With Mason dying in "Frostbite", the tragedy only just started- seriously. Starting with his death Rose's connection to Lissa as a shadow-kissed is finally proving to be useful, and I actually think that Mead did a great job at incorporating it smoothely into the storyline. "Shadow Kiss" is basically centered around the guardians and fighting off Strigoi. Rose and the other novices are doing the so-called field experience now, which simulates the life they're going to have when they graduate and are assigned to their moroi. The older guardians are pretendending to be attackers and they have to fight them off. Well, unlucky for the novices the real life experience comes right after that.
Initially I got pretty annoyed with the storyline being centered around strigoi again. I vividly remember that time Dimitri put his hair up for the first time and Rose got SO impressed by him having five molnija marks for having killed five strigoi. Funny, how he's considered such a respectable character in the guardian world, yet has only killed five. It's hard to believe that little novice Rose Hathaway killed two Strigoi in "Frostbite" and a bunch of others in "Shadow Kiss" then. While I do love her as a character, I think she really is a Mary Sue. She can do everything, she can fight everyone and when she can't, it's due to her shadow-kiss situation, but not because Rose Hathaway can't manage to do something once. I don't know, it's not like she's becoming a more unlikeable character throughout the series, but I think that the credit she gets and the fights she is involved in, are solved way to easily on her side. She never has sacrifices to make and is almost never really hurt in battle, while experienced guardians die like flies.
I would have wished the novel to dive a little bit deeper into exploring spirit magic and have less action scenes. Mead crammed all the interesting stuff (the big battle) into the end, causing the novel to drag extremely. I found myself putting it aside for days at a time, because I was so bored with everything. The characters didn't really get to me either, because I felt like Mead rushed their relationships. Starting with Dimitri and Rose, I was actually shocked when he said I love you for the first time to her and it wasn't even addressed in the novel. Casual saturday, the dude you've been loving for ages tells you he loves you and you're like "ha, lol, same." Dimitri and Rose are probably the only couple in literature that manage to seem instant-love-y after three books, still. Not that I don't love them together, but, seriously? They went from 0.5 to 100 within fifty pages of "Shadow Kiss" and I didn't even know whether to shake my head or just start lauging.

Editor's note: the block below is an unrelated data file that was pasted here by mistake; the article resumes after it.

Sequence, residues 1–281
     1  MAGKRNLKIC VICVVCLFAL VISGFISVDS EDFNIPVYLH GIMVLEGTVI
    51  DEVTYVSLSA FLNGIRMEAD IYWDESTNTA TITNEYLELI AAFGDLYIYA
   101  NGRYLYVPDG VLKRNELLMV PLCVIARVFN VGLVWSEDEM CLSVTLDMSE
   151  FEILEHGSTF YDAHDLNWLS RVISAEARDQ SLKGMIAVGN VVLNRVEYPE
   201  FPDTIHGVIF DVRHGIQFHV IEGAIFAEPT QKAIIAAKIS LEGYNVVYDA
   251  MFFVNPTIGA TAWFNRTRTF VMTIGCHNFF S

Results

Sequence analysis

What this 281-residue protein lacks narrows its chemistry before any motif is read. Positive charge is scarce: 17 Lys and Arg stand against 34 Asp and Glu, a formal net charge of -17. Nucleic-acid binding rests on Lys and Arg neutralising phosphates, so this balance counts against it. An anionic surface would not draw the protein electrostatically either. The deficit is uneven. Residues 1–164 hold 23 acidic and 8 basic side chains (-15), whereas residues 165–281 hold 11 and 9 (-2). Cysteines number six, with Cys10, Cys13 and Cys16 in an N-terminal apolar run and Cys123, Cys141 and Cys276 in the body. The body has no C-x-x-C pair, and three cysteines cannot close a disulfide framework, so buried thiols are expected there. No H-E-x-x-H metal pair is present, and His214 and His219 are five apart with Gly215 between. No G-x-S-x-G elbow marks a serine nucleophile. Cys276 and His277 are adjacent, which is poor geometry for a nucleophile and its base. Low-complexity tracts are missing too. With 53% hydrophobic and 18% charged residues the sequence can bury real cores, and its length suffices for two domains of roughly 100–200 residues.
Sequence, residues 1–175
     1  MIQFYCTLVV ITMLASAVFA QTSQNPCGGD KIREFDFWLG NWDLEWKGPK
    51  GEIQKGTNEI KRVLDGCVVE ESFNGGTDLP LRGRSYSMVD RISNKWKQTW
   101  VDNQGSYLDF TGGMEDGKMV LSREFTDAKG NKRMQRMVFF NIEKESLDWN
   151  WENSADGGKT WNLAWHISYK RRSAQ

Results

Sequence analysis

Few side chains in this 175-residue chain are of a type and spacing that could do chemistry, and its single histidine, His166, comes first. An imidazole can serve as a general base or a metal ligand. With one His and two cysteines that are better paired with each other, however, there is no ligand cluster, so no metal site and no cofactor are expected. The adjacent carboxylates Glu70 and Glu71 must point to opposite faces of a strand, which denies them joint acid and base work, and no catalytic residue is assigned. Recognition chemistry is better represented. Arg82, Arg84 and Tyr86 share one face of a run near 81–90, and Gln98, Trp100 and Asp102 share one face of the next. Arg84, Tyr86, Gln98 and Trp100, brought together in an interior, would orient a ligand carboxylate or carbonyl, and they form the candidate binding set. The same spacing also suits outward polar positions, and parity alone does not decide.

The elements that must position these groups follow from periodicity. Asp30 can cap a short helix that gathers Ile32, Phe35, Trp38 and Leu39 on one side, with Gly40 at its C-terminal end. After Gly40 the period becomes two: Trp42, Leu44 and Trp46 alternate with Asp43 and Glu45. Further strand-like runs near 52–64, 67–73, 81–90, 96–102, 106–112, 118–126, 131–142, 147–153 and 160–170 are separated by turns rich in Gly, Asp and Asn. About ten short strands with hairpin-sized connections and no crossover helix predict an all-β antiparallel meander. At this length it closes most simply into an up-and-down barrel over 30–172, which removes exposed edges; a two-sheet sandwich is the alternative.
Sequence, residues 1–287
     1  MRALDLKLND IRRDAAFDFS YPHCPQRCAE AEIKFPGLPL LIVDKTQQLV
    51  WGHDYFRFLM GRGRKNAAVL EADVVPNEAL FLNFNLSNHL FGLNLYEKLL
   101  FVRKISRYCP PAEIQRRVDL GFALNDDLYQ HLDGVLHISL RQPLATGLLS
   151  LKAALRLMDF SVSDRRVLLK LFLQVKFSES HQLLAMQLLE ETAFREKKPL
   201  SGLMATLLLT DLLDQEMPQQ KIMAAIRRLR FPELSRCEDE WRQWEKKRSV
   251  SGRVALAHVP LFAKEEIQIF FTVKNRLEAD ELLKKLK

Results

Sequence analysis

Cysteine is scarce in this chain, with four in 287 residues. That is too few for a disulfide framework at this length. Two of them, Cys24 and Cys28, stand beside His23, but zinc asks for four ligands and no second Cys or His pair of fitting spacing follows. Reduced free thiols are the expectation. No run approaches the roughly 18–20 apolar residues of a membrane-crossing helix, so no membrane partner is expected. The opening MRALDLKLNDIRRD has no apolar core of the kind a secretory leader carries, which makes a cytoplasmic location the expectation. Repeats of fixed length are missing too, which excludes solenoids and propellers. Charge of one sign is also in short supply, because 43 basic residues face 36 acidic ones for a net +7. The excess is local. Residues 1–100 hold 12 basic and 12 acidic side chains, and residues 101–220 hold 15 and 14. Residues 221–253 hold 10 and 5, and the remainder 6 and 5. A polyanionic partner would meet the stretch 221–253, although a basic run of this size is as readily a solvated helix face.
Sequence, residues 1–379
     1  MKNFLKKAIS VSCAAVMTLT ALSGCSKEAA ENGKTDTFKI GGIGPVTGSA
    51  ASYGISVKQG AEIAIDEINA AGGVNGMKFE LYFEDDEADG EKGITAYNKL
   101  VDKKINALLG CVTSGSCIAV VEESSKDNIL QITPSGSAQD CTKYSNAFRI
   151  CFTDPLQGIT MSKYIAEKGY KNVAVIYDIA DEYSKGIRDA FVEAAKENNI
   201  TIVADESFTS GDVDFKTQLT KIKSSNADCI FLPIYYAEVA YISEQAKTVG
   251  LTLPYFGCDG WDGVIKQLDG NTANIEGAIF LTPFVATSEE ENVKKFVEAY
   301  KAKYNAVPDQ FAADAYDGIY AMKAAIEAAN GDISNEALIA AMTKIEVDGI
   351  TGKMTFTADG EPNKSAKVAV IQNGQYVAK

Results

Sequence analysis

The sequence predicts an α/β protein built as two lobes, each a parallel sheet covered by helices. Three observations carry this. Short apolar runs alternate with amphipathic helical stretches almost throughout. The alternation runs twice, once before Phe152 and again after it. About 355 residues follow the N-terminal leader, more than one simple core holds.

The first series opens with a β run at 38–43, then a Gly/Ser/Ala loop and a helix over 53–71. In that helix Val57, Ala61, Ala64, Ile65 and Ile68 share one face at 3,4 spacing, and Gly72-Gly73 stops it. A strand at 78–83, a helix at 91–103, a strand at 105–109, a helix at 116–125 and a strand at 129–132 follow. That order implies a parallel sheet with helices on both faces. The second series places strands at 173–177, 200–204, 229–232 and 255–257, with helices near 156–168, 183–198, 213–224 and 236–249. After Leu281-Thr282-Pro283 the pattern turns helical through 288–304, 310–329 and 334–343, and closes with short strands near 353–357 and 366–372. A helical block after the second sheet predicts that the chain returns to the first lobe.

Mead is truly the master of dragging storylines around and feeding youw ith unimportant, boring stuff as filler material for the middle and then hitting you like a train with a massive cliffhanger ending that leaves you HAVING to continue. I have to give her credit for that.
Overall: Do I Recommend?As a standalone, it would be a very weak novel. The middle drags extremely, but the resolutions of previous storylines are both smart and logical. It made me want to smack my head on something for not thinking about them myself. I hope that it will remain the only weak novel of the series. So yes, I recommend.
Rating: ★★★☆☆Official Synopsis:
" It's springtime at St. Vladimir's Academy, and Rose Hathaway is this close to graduation. Since making her first Strigoi kills, Rose hasn't been feeling quite right. She's having dark thoughts, behaving erratically, and worst of all... might be seeing ghosts.
As Rose questions her sanity, new complications arise. Lissa has begun experimenting with her magic once more, their enemy Victor Dashkov might be set free, and Rose's forbidden relationship with Dimitri is starting to heat up again. But when a deadly threat no one saw coming changes their entire world, Rose must put her own life on the line - and choose between the two people she loves most."